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Do you want to protect membership in a CC during your lifetime and thereafter?

Phia van der Spuy. File Image: IOL

Phia van der Spuy. File Image: IOL

Published May 4, 2022

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SINCE January, 11, 2006, a natural or juristic person in the capacity of a trustee of an inter vivos trust may be a member of a close corporation (CC).

Estate planners, therefore, have the option to either bequeath their membership in a CC to another person or to a trust, but only if certain requirements are met. These requirements were discussed in the previous article.

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Do you hold membership in the CC with others?

When more than one person holds interests in a Close Corporation, it is important to have an agreement in place that determines what will happen to a person’s membership upon their death. In terms of Section 35 of the Close Corporations Act, other members’ consent is required to transfer the deceased member’s share to someone of their wishes.

If there is no such agreement in place and the remaining members do not want to consent to the membership being transferred as directed in the deceased’s will (or in terms of intestate succession), such members can block such transfer. This typically happens when the co-members do not give their consent because they do not want the children or the spouse of the deceased member, or a trust, to be a part of their business.

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This can be prevented through a written agreement between the members that determines exactly who will end up with membership upon a members death – a pre-approval – otherwise, the matter is bound to end up in Court with potentially dire financial consequences.

Be mindful if your estate will ever be at risk of insolvency

In that instance, in terms of Section 34 of the Close Corporations Act, notwithstanding any provision to the contrary in any association agreement or other agreement between members, a trustee of the insolvent estate of a member of a CC may, in the discharge of their duties, sell that member’s interest to the CC, if there are one or more members other than the insolvent member, or to the members of the CC other than the insolvent member, in proportion to their members’ interests or as they may otherwise agree upon.

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They may also sell it to any other person who qualifies for membership of a corporation in terms of Section 29 of the Act, if the CC has one or more members other than the insolvent, by following a process: The trustee shall deliver to the corporation a written statement giving particulars of the name and address of the proposed purchaser, the purchase price and the time and manner of payment thereof.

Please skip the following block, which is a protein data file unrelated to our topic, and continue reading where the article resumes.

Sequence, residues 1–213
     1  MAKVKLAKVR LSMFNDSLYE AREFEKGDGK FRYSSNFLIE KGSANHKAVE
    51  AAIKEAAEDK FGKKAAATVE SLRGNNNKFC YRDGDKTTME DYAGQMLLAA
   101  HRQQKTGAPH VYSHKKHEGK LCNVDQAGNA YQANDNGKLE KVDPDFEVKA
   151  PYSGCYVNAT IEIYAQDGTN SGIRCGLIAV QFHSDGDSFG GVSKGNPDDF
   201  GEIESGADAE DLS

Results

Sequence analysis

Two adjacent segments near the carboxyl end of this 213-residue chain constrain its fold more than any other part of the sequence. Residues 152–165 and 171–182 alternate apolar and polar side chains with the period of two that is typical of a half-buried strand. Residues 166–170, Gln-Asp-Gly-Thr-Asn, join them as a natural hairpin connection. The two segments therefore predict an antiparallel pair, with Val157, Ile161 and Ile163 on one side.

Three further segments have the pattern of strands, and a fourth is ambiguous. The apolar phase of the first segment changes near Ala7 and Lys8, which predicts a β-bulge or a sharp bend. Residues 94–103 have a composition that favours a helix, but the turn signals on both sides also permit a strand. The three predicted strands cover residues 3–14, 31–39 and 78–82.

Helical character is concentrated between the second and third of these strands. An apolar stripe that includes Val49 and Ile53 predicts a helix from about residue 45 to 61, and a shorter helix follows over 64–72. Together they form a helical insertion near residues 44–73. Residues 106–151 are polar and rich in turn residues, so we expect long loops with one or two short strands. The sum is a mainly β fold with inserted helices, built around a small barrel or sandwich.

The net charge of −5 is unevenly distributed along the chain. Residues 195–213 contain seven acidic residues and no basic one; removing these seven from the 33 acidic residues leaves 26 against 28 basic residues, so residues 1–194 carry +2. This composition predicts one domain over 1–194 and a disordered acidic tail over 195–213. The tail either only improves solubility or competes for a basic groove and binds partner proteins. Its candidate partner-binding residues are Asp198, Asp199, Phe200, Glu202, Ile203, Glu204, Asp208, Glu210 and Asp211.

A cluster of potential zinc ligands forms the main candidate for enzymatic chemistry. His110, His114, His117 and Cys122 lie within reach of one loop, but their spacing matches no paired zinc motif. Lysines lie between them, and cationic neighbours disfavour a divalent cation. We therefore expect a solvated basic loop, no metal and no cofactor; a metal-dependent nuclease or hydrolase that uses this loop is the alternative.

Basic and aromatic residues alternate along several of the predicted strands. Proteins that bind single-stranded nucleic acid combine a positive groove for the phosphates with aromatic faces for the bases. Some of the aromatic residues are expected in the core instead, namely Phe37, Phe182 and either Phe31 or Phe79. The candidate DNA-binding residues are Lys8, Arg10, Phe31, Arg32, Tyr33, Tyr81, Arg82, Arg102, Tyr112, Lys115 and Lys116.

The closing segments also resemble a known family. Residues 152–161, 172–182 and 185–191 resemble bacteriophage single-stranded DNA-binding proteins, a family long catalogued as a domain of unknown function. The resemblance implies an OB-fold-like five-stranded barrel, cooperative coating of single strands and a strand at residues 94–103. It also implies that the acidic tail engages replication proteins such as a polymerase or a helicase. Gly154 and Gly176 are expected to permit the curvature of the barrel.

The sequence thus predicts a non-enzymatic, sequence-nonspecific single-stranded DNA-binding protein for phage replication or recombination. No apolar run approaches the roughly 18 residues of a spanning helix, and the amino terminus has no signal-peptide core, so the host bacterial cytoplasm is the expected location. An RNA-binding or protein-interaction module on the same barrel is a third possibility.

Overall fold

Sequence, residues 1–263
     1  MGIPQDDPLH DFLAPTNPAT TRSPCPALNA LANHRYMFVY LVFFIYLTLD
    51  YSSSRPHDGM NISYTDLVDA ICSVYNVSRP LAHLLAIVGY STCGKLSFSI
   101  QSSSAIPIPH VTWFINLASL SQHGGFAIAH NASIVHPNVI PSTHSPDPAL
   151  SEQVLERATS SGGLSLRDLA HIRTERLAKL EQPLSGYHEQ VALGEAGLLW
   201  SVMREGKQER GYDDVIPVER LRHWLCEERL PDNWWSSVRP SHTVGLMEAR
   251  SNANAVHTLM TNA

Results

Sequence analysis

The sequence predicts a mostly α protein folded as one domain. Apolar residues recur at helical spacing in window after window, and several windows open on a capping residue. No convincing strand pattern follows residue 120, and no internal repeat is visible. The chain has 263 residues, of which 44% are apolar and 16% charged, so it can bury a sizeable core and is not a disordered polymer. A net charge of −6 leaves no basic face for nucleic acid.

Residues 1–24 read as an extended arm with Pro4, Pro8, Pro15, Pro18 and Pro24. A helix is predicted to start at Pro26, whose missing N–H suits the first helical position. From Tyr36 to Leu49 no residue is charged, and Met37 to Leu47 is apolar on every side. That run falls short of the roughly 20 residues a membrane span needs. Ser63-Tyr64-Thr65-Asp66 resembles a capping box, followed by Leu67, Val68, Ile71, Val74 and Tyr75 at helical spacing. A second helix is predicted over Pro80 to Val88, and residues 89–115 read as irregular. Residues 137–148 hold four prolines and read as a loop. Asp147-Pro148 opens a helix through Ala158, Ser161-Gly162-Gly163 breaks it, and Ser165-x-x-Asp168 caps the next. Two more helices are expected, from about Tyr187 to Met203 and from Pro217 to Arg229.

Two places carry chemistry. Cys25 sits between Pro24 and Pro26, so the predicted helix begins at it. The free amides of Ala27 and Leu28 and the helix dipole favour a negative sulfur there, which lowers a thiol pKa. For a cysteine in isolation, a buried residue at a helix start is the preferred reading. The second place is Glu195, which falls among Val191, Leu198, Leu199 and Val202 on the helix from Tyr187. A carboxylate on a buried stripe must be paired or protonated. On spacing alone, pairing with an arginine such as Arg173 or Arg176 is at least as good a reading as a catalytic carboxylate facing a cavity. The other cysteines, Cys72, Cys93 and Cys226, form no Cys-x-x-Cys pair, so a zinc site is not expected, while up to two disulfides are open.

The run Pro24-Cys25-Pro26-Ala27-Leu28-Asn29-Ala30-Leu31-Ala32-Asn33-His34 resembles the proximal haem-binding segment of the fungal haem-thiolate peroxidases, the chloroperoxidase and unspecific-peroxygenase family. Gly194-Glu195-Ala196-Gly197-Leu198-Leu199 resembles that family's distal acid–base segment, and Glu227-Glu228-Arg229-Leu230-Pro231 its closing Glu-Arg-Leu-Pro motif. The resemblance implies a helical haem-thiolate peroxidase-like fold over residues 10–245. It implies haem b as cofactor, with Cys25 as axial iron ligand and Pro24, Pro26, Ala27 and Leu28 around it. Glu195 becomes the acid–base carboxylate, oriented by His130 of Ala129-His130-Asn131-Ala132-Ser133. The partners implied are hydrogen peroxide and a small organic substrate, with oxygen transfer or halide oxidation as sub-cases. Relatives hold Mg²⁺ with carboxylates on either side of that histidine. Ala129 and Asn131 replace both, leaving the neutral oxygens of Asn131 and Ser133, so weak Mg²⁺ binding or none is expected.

The CC or its members shall have 28 days after the receipt by the CC of the written statement to exercise their rights by written notice to the trustee to be substituted as purchasers of the insolvent member’s interest (not only a part thereof) at the price and on the terms set out in the trustee’s written statement. If the insolvent member’s interest is not purchased by the existing members or the CC, the sale referred to in the trustee’s written statement shall become effective and be implemented.

Duties of the accounting officer, especially when trustees are members of the CC

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Accounting Officers of the trust also have to be aware of their duties as laid down in Section 62 of the Close Corporations Act 69 of 1984, and specifically paragraph (b) (i) of subsection (3), which reads as follows:

“(3) If an accounting officer of a corporation … (b) during the performance of his duties finds-

(i) that any change, during a relevant financial year, in respect of any particulars mentioned in the relevant founding statement has not been registered; he shall forthwith by registered post report accordingly to the Registrar.”

In terms of Practice Note 1 of 2006, accounting officers of CCs that have trustees of inter vivos trusts as members, should annually verify the number of beneficiaries of the trust concerned to ensure that the number of beneficiaries added to the number of other members do not exceed ten and, if any changes have taken place in the particulars mentioned in the founding statement, that appropriate amendments have been registered with CIPC.

Conclusion

Estate planners who are members of CCs need to be aware of the risks of holding membership in CCs in their personal names during their lifetimes as well as if they plan to bequeath it to a trust upon their death and plan accordingly.

Phia van der Spuy is a Chartered Accountant with a Masters degree in tax and a registered Fiduciary Practitioner of South Africa®, a Master Tax Practitioner (SA)™, a Trust and Estate Practitioner (TEP) and the founder of Trusteeze®, the provider of a digital trust solution.

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